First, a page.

Thursday, January 20, 2011

On the Web: Ottumwa Artists at Stone City

With the recent re-launch of Mount Mercy University’s Stone City Art Colony research website (what a great resource!), I’ve discovered additional interesting students who studied under Grant Wood at the colony. Today I focused on Ottumwa artists, so many may recognize their names.

Newton W. Roberts (1881-1974)
Newton Roberts was a lawyer-turned-painter. One day, while his daughter and wife were away, he picked up his daughter’s paint brush and began to experiment. Without formal training, his connections with other Ottumwa artists lead him to the Stone City Art Colony. Clicking on the above link will give you an impressive list of his artistic successes, as well as several images of Roberts and his work.

Marion Gilmore Hulse (1909-1984)
Marion Gilmore, who later went by Mion Hulse, became quite an accomplished artist. Her mural Band Concert, done for the Corning, Iowa Post Office, shows cheerful children playing and friends chatting. There is a true Regionalist feel to this work, which realistically depicts Corning’s square and adds a certain optimistic glow to the event.

Other work by Hulse is very different stylistically, but still focuses on human interaction. Examples can be viewed below her brief biography.

Joseph Townsend Funk (1901-1985)
Joseph Funk was employed by Ottumwa’s Union Bank and Trust. He hosted Edward Rowan while the Little Gallery’s satellite was in Eldon. He began as a painter, but eventually gravitated toward industrial design and color engineering. Those interests lead him to help companies select colors for products and make decisions about the structural elements of buildings. Funk helped design the Ottumwa Armory-Coliseum and launch the Ottumwa Community Art Center.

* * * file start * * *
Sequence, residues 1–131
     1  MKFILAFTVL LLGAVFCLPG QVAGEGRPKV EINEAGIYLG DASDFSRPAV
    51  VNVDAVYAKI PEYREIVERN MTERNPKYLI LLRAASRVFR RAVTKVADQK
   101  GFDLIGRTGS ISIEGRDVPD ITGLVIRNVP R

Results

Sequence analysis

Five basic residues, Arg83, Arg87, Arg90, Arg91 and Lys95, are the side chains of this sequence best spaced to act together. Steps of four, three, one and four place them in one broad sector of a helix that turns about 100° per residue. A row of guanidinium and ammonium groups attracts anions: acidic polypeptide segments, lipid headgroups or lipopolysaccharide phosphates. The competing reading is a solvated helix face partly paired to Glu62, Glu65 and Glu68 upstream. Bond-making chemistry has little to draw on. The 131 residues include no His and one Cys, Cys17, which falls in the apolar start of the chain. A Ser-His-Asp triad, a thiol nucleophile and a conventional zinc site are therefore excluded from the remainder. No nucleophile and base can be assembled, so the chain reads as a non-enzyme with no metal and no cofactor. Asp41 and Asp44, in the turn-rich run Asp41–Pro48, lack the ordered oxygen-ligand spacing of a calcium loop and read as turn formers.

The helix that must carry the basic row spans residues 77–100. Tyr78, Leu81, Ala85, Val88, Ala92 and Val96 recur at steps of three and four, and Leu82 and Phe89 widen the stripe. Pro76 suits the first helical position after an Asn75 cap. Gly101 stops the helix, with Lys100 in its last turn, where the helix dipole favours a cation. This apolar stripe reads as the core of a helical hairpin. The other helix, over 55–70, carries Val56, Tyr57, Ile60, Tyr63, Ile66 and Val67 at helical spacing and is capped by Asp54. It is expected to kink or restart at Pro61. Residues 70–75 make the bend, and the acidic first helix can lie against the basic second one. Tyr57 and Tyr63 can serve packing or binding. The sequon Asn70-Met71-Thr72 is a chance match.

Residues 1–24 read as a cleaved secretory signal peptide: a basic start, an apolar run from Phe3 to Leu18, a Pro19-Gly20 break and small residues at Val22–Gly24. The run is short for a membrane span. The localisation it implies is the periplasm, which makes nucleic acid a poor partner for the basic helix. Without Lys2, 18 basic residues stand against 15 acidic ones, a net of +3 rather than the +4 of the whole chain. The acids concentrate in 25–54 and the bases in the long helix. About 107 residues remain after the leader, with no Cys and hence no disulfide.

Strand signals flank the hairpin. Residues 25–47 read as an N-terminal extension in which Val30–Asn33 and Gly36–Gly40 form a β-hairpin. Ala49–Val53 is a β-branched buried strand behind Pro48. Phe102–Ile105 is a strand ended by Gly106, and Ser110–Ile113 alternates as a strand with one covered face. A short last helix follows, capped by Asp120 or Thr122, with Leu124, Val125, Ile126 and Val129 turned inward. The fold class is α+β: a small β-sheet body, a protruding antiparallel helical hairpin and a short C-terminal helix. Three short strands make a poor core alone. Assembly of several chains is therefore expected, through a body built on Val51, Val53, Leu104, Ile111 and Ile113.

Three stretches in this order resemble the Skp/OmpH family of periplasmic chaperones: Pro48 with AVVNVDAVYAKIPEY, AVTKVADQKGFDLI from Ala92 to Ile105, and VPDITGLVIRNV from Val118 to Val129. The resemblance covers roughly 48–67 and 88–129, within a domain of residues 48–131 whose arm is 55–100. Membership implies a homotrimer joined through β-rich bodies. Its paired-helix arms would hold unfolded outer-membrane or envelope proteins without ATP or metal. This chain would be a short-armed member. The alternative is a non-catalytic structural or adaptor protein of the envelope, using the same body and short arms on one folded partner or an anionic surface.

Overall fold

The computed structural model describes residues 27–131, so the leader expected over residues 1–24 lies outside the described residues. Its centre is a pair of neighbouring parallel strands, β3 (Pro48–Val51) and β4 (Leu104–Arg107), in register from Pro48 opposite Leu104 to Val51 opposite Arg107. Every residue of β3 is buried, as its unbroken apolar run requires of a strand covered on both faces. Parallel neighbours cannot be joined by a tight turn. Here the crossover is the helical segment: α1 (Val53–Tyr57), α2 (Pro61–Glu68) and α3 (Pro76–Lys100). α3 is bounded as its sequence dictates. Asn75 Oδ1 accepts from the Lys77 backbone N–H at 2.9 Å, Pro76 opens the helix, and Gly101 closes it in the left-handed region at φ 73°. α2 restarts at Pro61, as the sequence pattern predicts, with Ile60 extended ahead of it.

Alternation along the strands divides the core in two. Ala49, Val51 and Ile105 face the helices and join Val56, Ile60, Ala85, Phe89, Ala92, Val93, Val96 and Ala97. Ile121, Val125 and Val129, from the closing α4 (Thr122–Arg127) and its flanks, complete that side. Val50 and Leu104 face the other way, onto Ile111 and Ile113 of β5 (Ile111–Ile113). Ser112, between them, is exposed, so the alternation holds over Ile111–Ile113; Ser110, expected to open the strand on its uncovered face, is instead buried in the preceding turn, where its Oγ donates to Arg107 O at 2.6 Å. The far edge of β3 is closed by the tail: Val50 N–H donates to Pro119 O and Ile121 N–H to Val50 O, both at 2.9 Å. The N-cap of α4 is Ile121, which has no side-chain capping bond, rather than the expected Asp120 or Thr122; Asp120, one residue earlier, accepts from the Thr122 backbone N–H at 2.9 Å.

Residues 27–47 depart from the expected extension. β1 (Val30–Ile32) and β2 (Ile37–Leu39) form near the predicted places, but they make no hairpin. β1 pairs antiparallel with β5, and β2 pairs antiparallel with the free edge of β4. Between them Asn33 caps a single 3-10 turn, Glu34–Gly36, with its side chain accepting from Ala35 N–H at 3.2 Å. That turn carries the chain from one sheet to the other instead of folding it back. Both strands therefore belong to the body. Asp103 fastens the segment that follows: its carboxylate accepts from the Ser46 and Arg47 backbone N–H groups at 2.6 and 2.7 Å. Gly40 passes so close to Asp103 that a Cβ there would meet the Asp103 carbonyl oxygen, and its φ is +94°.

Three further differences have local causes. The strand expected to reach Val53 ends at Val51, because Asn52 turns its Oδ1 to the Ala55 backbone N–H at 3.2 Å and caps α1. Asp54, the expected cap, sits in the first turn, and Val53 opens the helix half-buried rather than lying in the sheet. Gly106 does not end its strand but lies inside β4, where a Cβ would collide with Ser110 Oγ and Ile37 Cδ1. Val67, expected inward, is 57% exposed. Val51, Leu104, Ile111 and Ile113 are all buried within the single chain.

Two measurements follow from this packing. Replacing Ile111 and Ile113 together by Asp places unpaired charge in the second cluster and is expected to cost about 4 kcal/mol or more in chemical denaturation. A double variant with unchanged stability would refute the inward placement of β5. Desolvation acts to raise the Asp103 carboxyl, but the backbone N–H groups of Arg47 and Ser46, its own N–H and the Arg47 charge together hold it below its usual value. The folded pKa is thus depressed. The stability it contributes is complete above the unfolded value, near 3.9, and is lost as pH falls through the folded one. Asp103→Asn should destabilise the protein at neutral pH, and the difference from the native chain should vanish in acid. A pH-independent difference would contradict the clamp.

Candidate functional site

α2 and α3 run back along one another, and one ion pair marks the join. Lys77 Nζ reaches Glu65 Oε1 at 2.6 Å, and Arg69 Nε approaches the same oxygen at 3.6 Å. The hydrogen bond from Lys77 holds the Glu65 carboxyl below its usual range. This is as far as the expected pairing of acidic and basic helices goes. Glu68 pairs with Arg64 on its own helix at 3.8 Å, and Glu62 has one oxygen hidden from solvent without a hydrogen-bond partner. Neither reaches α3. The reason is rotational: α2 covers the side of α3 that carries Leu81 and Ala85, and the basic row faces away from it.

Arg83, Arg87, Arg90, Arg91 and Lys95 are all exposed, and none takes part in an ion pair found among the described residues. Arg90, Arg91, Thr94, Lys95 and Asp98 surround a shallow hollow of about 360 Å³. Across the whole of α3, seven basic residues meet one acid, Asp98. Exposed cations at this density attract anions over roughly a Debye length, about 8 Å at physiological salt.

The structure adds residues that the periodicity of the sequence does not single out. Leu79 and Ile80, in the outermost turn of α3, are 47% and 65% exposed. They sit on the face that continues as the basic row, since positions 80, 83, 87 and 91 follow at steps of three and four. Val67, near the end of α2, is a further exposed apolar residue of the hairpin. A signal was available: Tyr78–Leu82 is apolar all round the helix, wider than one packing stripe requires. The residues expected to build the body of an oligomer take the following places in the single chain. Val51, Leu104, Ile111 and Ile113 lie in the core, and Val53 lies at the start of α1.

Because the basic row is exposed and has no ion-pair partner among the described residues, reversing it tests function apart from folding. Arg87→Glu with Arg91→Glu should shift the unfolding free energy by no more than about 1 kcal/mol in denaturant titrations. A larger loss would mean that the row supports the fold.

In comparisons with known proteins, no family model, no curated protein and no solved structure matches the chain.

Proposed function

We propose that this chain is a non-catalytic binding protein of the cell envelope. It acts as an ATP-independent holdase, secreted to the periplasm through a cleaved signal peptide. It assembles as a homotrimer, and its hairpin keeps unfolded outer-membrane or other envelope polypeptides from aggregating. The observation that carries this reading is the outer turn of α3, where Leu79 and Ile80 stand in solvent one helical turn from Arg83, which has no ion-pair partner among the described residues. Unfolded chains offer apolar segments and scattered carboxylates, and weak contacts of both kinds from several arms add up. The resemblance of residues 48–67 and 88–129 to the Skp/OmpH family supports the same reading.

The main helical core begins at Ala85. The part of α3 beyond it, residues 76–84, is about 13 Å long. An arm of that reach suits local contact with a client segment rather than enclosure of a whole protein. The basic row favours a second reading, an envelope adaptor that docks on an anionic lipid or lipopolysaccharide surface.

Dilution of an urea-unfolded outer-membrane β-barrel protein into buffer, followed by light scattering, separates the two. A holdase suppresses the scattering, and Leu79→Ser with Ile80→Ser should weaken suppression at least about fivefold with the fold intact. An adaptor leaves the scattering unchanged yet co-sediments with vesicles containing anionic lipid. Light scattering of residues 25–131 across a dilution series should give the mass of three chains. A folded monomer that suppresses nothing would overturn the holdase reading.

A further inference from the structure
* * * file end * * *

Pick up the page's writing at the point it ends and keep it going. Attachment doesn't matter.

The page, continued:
Bertha Graves Morey (1882-1962)
Like many devoted natives of Southeast Iowa, Bertha Morey was a talented multi-tasker. Her interests were broad, including landscape painting, photography, silk, jewelry and bookplate design. She was curator for a traveling watercolor exhibit in Ottumwa and operated her family’s clay company after the death of her father and brother. The Morey Clay Products Company produced roughly seven million paving bricks each year. Morey’s father was also an artist of sorts, designing and building one of the world’s largest continuous kilns.

Bernard LaMarr Ferguson (1911-1977)
Bernard Ferguson assisted with the opening of five Iowa art institutes, and possibly the Davenport Municipal Art Gallery. He was chosen for Carnegie-sponsored training with Hungarian painter Jaroslav Brozik. During this time he met Johh Sharp and others he would study with at the Stone City colony.

Grant Wood had a lasting impact on Southeast Iowa. Sure, he immortalized a simple piece of architecture in 1930. The painting enhanced Iowa’s image and reputation across the nation, and has quite an economic impact each time it travels to its home state. The American Gothic House Center, which of course wouldn’t exist without the painting, brings 10,000 people through Eldon annually. Grant Wood’s brush with Eldon is still affecting our daily lives 81 years later.

Wood’s presence in this portion of the state extends beyond American Gothic. He is alive in stories told by locals who remember seeing him doodling on the street or speaking with him. Many have personal relationships with his sister Nan, model for the iconic painting. His legacy is carried on by all the artists he taught, and those they taught, and so on. Lucky are we to have so many from Wapello County who studied with him at the Stone City Art Colony.

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